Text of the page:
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A new study out of the University of North Carolina at Chapel Hill finds that people in poorer areas, whether it’s the poorest people or their white neighbors, tend to be more religious than people in wealthier areas. It also shows that even when economic problems such as economic deprivation are mitigated, religion still declines.
The new research, which is published in the Journal of Religion Research, looks at the relationship between religion and economic well-being.
“We find that a region’s average scores on various measures of economic well-being are positively correlated with their level of religiosity,” said study author David L. Reuter, associate professor of sociology and of anthropology and director of the UNC Center for the Study of Religion. “Our findings also indicate that this relationship holds for all economic deprivation levels; that is, even in the worst circumstances, religiosity is actually associated with economic strength.”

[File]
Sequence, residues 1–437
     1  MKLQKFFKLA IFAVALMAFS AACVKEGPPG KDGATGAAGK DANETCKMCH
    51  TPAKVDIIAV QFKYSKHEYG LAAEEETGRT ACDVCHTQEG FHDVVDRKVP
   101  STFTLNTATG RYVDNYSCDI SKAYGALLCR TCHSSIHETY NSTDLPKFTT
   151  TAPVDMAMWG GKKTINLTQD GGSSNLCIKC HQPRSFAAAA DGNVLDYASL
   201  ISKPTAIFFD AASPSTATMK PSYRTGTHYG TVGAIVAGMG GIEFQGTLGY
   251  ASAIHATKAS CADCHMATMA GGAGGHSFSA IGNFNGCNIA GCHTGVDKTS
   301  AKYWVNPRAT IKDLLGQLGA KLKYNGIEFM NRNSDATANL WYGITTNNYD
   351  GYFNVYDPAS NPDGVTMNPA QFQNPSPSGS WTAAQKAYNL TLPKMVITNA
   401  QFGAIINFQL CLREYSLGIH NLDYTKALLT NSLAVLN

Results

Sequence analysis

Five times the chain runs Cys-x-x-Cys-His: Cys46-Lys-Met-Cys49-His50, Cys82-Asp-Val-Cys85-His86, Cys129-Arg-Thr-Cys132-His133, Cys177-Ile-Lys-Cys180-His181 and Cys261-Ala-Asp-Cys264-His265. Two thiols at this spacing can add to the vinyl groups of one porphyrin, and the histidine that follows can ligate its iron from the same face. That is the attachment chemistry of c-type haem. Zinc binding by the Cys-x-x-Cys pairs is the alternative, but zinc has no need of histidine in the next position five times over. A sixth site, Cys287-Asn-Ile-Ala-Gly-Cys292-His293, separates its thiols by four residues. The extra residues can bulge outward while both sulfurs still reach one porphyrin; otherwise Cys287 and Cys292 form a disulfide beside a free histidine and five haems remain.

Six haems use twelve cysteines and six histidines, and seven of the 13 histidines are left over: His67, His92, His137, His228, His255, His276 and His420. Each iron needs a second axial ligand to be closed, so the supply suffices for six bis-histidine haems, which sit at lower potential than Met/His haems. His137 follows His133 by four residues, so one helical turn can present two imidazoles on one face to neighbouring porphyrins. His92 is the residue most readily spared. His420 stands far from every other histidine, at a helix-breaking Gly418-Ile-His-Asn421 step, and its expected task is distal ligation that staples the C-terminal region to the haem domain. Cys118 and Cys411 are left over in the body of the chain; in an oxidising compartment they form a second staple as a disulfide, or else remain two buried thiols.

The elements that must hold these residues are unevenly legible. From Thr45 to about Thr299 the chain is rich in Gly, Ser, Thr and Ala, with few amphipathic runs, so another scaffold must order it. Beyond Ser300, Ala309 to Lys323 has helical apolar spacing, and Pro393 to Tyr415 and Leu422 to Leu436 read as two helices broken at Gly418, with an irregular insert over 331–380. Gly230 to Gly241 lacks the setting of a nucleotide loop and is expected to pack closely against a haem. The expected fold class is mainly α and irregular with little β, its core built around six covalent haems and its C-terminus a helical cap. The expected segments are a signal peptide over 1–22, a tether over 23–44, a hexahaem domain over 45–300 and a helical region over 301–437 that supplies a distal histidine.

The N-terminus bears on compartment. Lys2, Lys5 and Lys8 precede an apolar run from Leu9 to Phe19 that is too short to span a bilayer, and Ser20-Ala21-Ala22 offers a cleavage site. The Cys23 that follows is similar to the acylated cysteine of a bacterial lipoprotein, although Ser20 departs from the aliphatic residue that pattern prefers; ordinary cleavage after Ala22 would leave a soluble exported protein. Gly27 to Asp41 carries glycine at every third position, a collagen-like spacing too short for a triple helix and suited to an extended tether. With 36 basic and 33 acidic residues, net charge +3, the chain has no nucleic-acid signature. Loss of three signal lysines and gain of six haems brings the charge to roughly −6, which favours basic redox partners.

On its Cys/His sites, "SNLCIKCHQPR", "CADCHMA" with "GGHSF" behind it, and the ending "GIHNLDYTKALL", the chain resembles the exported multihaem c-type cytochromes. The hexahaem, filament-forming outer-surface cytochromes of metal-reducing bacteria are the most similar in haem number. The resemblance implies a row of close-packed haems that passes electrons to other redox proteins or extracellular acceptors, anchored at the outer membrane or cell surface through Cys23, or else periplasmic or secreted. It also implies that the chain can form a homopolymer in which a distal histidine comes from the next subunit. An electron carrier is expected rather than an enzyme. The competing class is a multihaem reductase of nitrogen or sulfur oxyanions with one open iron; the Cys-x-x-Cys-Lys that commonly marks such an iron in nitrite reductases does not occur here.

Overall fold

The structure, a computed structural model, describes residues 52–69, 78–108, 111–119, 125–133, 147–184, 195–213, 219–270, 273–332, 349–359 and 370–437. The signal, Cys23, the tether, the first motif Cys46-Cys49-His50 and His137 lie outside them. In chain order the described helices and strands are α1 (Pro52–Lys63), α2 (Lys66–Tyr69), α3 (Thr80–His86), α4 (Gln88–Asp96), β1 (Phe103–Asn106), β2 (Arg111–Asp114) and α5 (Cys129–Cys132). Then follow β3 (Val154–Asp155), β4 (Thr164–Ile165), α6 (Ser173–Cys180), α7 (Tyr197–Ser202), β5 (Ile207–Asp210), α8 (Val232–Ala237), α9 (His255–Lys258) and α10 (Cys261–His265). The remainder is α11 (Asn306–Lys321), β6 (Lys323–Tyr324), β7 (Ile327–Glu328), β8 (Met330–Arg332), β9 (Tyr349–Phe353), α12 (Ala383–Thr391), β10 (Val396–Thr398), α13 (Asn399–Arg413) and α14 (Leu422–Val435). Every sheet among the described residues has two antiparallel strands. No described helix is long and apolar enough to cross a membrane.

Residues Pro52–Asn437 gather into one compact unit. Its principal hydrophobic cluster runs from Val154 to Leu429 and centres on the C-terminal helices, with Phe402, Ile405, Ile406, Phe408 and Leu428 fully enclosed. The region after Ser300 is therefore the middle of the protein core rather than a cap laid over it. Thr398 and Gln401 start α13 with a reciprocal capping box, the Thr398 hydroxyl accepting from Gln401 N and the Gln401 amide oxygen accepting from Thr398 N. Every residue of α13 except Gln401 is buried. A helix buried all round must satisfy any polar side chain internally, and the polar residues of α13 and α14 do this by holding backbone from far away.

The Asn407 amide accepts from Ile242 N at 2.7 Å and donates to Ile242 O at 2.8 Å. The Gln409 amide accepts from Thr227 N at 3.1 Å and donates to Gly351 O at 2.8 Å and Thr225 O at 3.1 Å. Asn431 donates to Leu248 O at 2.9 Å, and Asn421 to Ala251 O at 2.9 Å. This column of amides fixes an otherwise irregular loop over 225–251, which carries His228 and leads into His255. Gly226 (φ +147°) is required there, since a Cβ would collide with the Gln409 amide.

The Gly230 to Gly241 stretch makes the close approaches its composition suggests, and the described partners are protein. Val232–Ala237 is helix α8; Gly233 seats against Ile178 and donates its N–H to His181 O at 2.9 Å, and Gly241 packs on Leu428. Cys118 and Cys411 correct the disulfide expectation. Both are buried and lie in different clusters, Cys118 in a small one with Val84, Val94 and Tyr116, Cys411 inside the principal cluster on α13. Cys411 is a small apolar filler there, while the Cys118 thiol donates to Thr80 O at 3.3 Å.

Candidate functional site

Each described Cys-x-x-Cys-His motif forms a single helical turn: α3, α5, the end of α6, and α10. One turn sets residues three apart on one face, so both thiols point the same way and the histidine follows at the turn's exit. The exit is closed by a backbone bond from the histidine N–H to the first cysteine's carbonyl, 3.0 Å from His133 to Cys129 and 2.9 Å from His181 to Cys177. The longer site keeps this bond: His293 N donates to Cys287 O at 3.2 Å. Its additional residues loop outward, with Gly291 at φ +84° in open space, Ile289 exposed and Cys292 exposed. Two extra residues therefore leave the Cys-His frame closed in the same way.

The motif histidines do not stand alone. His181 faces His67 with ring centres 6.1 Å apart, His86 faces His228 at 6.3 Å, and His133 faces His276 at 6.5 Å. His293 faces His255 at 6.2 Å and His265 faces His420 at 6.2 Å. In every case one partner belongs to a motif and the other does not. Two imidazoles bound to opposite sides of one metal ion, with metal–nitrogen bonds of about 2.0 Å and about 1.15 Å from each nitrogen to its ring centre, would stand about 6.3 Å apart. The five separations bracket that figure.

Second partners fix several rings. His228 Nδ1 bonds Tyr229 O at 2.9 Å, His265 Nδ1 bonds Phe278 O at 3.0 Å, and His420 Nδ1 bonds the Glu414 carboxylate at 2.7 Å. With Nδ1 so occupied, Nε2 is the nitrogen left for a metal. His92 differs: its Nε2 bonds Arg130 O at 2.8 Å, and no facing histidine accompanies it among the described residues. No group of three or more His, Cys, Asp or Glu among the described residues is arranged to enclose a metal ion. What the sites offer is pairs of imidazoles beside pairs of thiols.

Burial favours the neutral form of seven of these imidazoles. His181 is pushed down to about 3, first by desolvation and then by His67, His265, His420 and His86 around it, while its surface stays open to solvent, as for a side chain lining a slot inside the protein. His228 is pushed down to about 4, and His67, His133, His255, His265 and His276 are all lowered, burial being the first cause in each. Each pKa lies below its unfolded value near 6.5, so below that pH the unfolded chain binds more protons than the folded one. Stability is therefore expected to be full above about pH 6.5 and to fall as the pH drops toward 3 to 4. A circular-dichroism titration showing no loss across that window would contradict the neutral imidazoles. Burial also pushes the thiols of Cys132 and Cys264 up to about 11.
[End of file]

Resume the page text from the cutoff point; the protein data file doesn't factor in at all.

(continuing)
Reuter and his team interviewed 50 Americans of all ages, income groups and races. Each respondent was asked to respond to nine questions including:
1. How religious do you feel and how often do you attend religious services?
2. How often do you feel the need to pray?
3. How much do you worry about being poor?
4. How much do you want to contribute to a charitable or philanthropic cause?
5. How much time do you spend each day thinking about religion?
6. Do you ever feel that God is telling you how to live your life?
7. How much does financial hardship affect your religious practices or activities?
The researchers used data from the U.S. Census Bureau and the Survey of Income and Program Participation. They used the responses on the previous questions to predict income for each respondent. Reuter said that while low-income people are generally more religious, people who feel the need to pray also had lower incomes.
“Those who have a strong religious identity
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